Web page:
The kind of problem with IndyCar’s increasing popularity, they’re looking at a race in Argentina and other places, which inevitably will be road or street circuits, not ovals. And tracks that are likely to be dropped are ovals. Even Texas. You mentioned difference between road racing and oval racing, and you’ve done slicks-and-wings, but also grooved tyres in wingless cars as that’s where you first gained international attention with your results in FF1600
It was a strange transition. I would say the transition that was bigger was karting to cars. That was bigger. But definitely going from low downforce, a treaded radial tyre to proper wings and slicks is kind of strange as a driver, because you look at it and everyone tells you that in a downforce car you have to go faster to have more grip or to be more comfortable. And to break that mental barrier I think is challenging. It definitely took me a few days in a downforce car to really figure it out. So that was the main challenge. It definitely wasn’t a seamless transition. There was a bit of a mental block there, things that you have to learn, things that are different.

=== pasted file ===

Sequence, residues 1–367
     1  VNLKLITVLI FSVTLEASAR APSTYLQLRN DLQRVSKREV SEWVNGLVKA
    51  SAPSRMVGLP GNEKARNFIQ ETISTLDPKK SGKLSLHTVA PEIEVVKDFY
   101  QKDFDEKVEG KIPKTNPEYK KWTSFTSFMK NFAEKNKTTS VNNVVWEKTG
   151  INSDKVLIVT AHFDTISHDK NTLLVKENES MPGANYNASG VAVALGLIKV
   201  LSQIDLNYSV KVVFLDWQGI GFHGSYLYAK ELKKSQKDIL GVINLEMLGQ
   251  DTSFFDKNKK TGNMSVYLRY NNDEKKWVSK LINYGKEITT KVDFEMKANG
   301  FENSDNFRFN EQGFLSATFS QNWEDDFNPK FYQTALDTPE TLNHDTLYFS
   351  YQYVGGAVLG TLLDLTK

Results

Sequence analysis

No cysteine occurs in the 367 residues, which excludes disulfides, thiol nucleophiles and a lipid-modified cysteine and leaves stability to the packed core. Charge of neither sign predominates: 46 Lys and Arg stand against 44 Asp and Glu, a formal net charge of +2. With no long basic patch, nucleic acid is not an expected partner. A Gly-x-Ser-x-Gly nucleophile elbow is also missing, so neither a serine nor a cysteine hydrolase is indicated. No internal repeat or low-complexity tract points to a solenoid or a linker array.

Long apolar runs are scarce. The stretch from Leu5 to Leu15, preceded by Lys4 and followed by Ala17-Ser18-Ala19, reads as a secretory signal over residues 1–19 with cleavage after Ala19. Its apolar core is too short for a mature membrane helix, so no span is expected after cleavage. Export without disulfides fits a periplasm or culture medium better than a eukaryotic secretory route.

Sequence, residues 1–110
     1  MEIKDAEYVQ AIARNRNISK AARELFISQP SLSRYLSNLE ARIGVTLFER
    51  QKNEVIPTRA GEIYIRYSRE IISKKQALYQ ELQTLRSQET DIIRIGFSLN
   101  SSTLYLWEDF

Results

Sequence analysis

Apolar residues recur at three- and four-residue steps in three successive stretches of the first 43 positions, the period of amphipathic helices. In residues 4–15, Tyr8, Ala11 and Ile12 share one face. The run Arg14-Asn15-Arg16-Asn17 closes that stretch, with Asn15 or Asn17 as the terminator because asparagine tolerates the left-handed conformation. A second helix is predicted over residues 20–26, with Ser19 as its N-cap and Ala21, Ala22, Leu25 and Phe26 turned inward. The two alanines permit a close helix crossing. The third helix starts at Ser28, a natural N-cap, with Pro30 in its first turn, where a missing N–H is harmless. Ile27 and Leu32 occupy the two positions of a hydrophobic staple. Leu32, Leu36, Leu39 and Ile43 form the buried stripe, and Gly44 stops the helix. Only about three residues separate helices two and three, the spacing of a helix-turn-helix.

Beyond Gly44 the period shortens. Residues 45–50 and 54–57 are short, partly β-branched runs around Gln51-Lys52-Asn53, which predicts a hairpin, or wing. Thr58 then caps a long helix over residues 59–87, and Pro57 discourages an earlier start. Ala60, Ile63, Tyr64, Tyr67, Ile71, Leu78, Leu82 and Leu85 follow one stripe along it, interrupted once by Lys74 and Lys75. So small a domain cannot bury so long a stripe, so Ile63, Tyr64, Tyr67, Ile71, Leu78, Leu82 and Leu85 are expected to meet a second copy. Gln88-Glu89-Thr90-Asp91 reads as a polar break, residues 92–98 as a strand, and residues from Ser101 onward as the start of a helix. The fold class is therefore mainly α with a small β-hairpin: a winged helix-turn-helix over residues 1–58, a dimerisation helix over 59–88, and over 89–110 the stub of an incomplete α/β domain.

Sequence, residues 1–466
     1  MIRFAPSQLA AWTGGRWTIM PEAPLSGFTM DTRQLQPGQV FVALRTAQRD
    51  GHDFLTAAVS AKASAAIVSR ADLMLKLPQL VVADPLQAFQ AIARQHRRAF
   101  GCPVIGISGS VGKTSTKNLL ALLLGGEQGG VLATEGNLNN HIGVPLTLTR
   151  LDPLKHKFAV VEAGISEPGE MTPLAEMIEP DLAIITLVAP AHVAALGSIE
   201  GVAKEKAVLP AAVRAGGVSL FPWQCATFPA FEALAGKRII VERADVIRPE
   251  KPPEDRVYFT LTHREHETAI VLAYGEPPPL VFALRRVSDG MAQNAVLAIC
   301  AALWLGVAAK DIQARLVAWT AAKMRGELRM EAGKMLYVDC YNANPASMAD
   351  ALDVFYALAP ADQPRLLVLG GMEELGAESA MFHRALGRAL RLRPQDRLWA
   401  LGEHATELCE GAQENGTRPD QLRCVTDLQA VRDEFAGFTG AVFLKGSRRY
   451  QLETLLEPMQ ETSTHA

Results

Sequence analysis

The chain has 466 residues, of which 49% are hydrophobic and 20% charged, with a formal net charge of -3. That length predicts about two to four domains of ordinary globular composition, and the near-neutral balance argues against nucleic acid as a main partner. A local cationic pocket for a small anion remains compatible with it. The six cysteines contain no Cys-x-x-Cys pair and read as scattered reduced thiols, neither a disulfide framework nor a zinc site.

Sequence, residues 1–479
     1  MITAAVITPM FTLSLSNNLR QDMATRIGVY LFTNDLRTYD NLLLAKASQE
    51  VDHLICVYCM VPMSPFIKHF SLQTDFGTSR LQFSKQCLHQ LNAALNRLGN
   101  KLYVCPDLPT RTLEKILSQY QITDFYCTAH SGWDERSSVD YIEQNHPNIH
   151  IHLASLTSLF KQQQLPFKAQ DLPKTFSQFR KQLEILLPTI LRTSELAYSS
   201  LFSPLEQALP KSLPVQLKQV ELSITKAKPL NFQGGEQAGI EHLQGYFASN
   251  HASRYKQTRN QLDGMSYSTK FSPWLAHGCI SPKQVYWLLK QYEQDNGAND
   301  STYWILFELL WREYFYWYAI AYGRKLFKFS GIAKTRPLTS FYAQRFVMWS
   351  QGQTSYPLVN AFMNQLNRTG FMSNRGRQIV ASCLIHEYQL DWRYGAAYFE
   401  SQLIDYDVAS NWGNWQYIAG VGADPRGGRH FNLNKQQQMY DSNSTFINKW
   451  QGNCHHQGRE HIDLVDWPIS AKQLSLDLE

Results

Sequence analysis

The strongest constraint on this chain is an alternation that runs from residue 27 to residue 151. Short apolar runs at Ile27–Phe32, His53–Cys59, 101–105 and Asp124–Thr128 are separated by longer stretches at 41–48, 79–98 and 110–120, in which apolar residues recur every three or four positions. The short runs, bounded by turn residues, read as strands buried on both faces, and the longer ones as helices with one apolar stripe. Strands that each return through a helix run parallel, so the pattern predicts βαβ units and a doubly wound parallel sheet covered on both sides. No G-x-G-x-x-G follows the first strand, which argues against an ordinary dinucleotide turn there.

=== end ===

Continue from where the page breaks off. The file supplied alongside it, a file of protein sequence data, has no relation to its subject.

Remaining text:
At the very start of your car racing career was IndyCar the aim, or were you looking at maybe F1 as well?
I always say that I started too late and on the wrong side of the pond for F1. I mean F1 is a dream, as it is for every young driver. It would be an absolute privilege to drive an F1 car, but it’s never really been my focus. And when I initially started car racing, open-wheel IndyCar wasn’t even the focus at all. Even though I was doing F1600, which is an open-wheel category, it was really the first step in Canada that led to sportscar racing. So you kind of prove yourself in F1600, maybe get a championship under your belt, and then we were actually looking at IMSA and transitioning into sportscars.
Because having a sustainable career in sportscar racing I feel like is more realistic than maybe the open-wheel ladder kind of route. And as I got more and more into it, I won more races, I got some opportunities. The Richard Mille Young Talent Academy, through Birel, the kart manufacturer that I raced with, that was kind of the eye-opener for me. And that really kind of changed the whole geography of my career path. And that was ‘oh my goodness, maybe we should try open-wheel racing and have a crack at it’. It just took off from there.